This week I got asked to do my first chair at an AA meeting – for those of you not au fait with this, each AA group meeting starts with a chairperson telling their story of addiction and recovery. There are many reasons for this, paramount I guess being the opportunity for those in the meeting to connect and associate with the chair’s story, and also draw similarities in the tale of recovery.
It’s part of what makes AA such a success – when addicts realise they’re not alone it’s easier to ask for help. It also helps strip away some of the shame which underpins much of addiction – by knowing you’re not a lonely fucked up mess trying to be ‘good’, but that you’re an ill person trying to get well and you’re in a room full of like-minded souls, it becomes a safer haven within which to face your demons.
Being asked to do a chair is, for me, a milestone. In my first few days in recovery, outside of the safety of rehab with all its doctors and counsellors to support, I felt alone, scared and worried about the future and whether I could stay sober. Listening to people’s chairs at each meeting was an opportunity to further reinforce the key elements above – namely I’m not a bad person trying to be good, and I’m not alone. I always held in the back of my mind the objective that one day I wanted to be the chairperson, and now it’s going to happen.
This has also given me a chance to reflect on the last nigh-on three years (I am approaching my third year sobriety anniversary). When I think back to how I was before getting dry, I was angry (I still have my grumpy moments, as my regular column The Rant in CALMzine will testify), I was trying to get through life at 100mph and I was hell-bent on wallowing in self-pity as everything that the world threw my way which I felt was terribly unfair (it wasn’t). I wanted everything to happen right fucking now, and to happen my fucking way, or I was out.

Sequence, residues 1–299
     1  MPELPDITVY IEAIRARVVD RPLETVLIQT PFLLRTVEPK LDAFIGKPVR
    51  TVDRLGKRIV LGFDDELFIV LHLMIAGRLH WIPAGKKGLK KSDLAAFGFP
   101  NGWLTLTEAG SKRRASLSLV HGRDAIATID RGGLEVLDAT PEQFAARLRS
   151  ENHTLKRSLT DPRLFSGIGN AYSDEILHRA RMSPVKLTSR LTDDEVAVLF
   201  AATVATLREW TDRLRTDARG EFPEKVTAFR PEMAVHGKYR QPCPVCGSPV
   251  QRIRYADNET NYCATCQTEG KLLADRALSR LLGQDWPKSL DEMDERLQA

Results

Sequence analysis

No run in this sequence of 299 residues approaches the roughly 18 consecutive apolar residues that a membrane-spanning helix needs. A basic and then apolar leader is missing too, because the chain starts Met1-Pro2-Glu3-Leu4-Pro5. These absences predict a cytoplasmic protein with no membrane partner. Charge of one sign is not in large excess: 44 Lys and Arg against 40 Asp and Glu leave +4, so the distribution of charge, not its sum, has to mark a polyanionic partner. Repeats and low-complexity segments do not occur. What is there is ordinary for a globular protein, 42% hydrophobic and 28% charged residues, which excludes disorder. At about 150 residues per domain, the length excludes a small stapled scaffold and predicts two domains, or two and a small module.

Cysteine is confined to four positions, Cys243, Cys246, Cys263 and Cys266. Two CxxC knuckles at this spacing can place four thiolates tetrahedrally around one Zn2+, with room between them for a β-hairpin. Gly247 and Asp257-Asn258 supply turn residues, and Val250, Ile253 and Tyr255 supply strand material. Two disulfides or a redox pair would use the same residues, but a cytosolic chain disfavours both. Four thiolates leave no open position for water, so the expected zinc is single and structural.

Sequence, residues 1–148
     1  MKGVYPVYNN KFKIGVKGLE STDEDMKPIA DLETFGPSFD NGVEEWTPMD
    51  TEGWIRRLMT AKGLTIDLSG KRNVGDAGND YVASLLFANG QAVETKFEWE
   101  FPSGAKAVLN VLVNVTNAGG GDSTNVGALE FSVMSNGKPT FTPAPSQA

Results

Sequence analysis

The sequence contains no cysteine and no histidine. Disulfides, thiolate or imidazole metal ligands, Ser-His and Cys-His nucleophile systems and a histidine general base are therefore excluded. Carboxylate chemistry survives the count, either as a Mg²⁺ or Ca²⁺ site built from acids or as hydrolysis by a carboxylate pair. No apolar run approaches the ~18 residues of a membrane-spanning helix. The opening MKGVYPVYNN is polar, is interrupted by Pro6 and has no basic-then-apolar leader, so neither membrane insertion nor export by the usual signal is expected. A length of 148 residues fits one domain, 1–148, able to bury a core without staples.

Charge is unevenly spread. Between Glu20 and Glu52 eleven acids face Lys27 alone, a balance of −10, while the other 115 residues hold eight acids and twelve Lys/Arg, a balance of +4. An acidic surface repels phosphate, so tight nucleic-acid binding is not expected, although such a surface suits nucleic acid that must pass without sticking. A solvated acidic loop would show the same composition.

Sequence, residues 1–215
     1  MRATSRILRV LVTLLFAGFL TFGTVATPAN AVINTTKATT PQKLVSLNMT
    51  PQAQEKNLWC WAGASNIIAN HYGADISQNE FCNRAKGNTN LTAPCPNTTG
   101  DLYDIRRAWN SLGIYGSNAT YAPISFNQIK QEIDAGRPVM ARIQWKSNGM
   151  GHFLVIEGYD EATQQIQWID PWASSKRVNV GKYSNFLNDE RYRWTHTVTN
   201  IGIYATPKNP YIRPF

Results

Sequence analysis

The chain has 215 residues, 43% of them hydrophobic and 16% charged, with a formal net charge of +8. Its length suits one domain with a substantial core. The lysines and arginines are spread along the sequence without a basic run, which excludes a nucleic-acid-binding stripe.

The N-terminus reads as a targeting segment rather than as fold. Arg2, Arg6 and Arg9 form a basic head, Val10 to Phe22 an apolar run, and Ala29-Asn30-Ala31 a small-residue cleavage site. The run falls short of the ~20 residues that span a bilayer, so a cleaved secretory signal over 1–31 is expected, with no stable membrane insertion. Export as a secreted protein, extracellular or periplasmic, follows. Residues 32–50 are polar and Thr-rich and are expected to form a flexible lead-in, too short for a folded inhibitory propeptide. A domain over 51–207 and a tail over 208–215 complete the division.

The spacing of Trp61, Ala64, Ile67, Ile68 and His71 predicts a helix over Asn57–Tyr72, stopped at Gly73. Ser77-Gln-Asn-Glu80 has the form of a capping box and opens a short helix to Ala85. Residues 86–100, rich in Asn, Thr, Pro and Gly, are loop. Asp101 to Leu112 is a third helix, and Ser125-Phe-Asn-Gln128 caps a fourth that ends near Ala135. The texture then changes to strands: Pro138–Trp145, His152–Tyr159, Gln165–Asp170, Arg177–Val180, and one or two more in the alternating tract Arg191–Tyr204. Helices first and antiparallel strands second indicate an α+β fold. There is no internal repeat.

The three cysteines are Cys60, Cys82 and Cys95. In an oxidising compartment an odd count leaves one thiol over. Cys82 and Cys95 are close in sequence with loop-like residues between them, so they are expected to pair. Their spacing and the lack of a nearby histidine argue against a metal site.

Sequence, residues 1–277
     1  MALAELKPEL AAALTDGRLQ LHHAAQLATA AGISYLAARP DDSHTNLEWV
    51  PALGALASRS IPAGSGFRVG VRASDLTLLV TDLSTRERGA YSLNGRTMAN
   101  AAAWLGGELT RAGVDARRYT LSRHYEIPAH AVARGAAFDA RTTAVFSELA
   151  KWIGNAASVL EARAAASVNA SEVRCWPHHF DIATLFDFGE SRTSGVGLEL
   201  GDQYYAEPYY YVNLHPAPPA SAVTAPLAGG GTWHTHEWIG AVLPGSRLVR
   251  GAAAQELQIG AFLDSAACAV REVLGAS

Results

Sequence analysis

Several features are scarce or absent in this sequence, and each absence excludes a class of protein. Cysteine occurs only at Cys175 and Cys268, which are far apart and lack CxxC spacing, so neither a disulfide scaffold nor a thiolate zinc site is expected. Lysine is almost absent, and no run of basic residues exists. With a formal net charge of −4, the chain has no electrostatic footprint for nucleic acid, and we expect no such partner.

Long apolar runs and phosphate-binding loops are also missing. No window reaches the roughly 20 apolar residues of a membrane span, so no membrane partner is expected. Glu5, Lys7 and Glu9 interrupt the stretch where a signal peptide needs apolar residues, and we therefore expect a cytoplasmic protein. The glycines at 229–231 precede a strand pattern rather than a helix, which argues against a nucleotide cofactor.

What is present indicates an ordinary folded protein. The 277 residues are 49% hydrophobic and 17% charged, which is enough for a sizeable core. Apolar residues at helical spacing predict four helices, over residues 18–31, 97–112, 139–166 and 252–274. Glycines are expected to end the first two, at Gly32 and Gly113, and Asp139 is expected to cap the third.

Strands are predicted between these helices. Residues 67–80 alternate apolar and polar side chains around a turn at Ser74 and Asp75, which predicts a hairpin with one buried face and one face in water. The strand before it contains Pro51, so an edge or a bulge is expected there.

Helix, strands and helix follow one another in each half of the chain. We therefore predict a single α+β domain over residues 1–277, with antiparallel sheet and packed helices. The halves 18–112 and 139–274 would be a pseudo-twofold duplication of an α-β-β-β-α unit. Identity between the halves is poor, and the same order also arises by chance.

Fast forward to today and I’ve realised that life isn’t a race; it’s not about looking for happiness at every corner or a constant search for extreme emotion. It’s about contentment and being, well, calm. There are shit days, sure, but hey – without these would the good days not stand out more? Plus, now I just tell myself that that’s just what it is, “it’s just a shit day. Deal with it”. Three years ago and a shit day was an excuse to drown yet more sorrows.
I had dinner last night with my two dearest and closest friends from rehab – they were in recovery at the same time as I was. They came to the cottage I share with my girlfriend on the outskirts of Windsor and we sat around chatting as we have done regularly over the last three years. We realised that we’ve gone beyond the ‘we were in rehab together’ stage, and are genuine, lifelong friends. And the reason why? We’re relaxed now, we’re not manic, we’re not trying to do everything right fucking now. We’ve got our sense of perspective back.
It’s strange how being invited to do the chair has brought this front of mind – I’ve mentioned the contentment and calm before to friends and family, and it’s something which I genuinely look to remind myself all the time. ‘Nothing is everything’ a wise man once said to me, and life isn’t a race. It’s also not a quest for constant, high octane euphoria – that won’t last. There’s much more to be found in just, well, being.